The need to ensure that material conditions in a contract are brought to the attention of a client is clearly illustrated in a case study published by the Short-term Ombud. This applies equally to direct insurers, as is the case here:
The complainant had two cell phone handsets which were used interchangeably with the same SIM card. One of the handsets was stolen from his gym bag and the complainant lodged a claim with his insurer. The claim was declined on the basis that the insured SIM card was not in the insured phone at the time that it was stolen. It was pointed out to the complainant that cover was excluded if the SIM card noted on the policy was not in the insured phone at the time of loss. The complainant submitted that he was never made aware of that particularly limiting clause in the contract of insurance. However, the insurer was adamant that the policy wording was handed to the complainant at sales stage.
The Ombudsman’s View
It often happens that individuals purchasing insurance policies are not aware of the nature of the policy or the extent of indemnification at the time that the policy is purchased. In order to ensure that there is clarity regarding the agreement entered into between the insurer and the insured, section 4.3(i) of The Policyholder Protection Rules (hereinafter referred to as “PPR”) was enacted. This section requires from a direct marketer of an insurance policy that concise details of any limiting clauses be disclosed to the insured in a language and manner appropriate to the individual to ensure that there is an understanding, prior to the inception of the policy, so that an informed decision may be made by the policyholder regarding the purchase of the policy.
As evidence of compliance with PPR, the insurer produced a signed insurance proposal. It was however the view of the Ombudsman that the conditions printed in fine print on the back of the policy, (which is simply handed to an insured for signature at sales stage), was not evidence that the limiting clause, which is the subject of the complaint, had been highlighted to the complainant at sales stage.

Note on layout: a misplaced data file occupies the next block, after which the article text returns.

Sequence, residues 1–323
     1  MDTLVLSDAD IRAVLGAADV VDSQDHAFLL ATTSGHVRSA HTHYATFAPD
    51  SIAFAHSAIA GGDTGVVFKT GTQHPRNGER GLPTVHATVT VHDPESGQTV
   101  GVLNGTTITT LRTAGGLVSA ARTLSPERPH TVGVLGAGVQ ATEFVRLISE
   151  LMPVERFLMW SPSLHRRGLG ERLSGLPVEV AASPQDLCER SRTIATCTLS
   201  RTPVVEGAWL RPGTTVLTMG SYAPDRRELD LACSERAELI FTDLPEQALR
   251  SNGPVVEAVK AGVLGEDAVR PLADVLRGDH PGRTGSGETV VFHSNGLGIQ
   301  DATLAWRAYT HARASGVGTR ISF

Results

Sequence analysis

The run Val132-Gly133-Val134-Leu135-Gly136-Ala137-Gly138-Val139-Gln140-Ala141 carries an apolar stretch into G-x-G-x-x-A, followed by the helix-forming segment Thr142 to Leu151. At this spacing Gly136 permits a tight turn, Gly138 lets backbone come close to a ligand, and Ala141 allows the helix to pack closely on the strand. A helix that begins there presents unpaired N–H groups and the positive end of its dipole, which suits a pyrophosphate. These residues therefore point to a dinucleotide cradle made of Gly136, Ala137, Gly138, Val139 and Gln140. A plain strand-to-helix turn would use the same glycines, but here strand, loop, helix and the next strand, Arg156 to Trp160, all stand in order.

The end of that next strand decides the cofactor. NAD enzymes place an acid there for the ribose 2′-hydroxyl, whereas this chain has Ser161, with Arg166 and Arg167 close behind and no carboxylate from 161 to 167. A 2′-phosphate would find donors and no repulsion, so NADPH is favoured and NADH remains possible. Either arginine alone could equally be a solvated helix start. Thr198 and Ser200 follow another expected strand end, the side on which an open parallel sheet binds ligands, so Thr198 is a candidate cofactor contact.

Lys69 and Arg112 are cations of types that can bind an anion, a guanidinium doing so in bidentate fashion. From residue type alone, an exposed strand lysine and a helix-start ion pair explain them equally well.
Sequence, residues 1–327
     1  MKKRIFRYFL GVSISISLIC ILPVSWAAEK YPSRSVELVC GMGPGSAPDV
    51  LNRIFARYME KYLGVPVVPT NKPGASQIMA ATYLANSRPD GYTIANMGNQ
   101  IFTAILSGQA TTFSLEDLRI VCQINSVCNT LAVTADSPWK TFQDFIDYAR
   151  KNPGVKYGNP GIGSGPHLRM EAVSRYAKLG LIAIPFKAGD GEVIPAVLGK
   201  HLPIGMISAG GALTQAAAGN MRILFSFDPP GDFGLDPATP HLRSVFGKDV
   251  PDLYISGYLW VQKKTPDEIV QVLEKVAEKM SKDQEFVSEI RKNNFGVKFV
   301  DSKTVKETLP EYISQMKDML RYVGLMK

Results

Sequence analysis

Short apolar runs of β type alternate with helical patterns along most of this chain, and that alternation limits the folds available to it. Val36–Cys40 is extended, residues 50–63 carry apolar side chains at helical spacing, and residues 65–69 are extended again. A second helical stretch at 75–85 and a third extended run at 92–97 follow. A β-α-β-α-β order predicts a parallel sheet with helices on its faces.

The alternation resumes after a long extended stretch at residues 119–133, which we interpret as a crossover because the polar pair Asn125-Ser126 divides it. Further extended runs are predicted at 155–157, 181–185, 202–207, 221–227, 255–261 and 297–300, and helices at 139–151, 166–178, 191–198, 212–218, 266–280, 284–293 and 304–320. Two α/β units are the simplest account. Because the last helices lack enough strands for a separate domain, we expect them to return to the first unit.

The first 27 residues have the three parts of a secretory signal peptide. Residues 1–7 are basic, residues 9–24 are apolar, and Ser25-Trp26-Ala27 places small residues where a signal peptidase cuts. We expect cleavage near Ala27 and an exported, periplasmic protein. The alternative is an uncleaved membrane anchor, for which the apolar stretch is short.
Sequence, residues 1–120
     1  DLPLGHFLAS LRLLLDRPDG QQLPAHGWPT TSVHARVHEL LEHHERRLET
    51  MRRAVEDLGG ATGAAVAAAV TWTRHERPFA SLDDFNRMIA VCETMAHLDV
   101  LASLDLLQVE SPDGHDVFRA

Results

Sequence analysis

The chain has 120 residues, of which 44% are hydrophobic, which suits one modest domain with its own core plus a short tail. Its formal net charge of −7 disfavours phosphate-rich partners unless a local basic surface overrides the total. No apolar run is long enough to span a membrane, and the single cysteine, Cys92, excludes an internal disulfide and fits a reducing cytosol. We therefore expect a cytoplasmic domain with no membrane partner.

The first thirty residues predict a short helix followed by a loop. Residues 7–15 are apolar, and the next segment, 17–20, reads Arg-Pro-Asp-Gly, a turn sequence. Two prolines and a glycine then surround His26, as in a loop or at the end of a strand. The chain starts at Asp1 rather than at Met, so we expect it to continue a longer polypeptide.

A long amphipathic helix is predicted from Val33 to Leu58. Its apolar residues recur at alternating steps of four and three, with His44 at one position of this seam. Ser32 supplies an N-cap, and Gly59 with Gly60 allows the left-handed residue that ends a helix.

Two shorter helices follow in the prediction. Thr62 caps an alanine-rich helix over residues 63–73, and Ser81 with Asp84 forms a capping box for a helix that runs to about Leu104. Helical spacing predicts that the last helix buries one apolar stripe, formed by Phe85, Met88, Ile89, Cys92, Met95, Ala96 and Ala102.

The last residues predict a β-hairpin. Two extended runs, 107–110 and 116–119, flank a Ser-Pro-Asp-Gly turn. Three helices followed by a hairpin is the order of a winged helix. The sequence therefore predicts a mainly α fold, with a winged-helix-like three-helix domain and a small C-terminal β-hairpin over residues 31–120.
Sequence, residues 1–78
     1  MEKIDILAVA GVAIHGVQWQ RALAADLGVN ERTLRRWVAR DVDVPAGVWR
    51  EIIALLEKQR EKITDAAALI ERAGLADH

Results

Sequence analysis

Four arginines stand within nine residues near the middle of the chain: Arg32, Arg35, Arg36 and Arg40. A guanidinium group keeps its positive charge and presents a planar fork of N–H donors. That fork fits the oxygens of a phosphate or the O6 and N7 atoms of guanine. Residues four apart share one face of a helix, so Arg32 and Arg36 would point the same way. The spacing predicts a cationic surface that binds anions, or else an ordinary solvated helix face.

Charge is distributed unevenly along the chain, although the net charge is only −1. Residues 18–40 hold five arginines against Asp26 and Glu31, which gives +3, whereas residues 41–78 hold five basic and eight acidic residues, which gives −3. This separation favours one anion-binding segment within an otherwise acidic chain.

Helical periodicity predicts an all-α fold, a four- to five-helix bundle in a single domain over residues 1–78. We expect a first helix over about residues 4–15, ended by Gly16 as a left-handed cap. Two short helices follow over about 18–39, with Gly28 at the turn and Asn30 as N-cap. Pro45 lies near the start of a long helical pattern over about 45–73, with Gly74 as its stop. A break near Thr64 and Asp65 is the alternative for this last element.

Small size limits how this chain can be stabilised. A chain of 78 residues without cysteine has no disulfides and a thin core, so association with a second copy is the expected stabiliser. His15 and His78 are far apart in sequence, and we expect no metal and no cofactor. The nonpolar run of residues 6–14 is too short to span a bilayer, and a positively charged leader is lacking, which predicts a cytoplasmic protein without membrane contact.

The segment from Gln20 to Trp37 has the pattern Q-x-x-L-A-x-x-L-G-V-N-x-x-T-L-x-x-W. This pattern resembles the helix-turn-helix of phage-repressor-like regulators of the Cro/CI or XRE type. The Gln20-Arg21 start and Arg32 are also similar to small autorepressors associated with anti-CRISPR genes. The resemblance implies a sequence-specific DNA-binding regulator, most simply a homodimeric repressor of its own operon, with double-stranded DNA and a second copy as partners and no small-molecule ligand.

It was also the view of the Ombudsman that such a unique and extremely limiting clause of a policy would require the insurer to show that the condition or term was explained at sales stage as it went to the core of what the complainant understood he was purchasing. It was suggested that where such a unique clause exists, the clause should be clearly printed on the policy proposal with a field for acknowledging that the specific condition was explained and not just that the insured was informed that there are terms and conditions which must be taken note of after the inception of the policy.
The insurer responded to this by submitting that the complainant also had a duty to ensure that he availed himself of the terms and conditions of the policy before simply signing the document.
It was pointed out to the insurer that PPR places a duty on the insurer in that the insurer is in a much better position to ensure that there is clarity at sales stage than the complainant in any event. The fine print on the back of a page is often missed, considered unimportant and impractical to read while concluding a face to face transaction.
The insurer was accordingly requested to settle the claim, which they agreed to do.
In response to a previous article on this matter, a reader responded as follows:
“No broker can possibly explain every single clause in a multi-page legal contract to the client, and even if they did (over the course of a month or two), the client would simply deny it.”
This is very true. No-one has a crystal ball to enable them to foresee what may happen in the future and, unfortunately, we know that the dice are often loaded against an adviser when a complaint is made, especially in some forums.
Conversely, the incident discussed above makes it very clear that simply handing a client a contract and expecting him to read and understand it, is not good enough.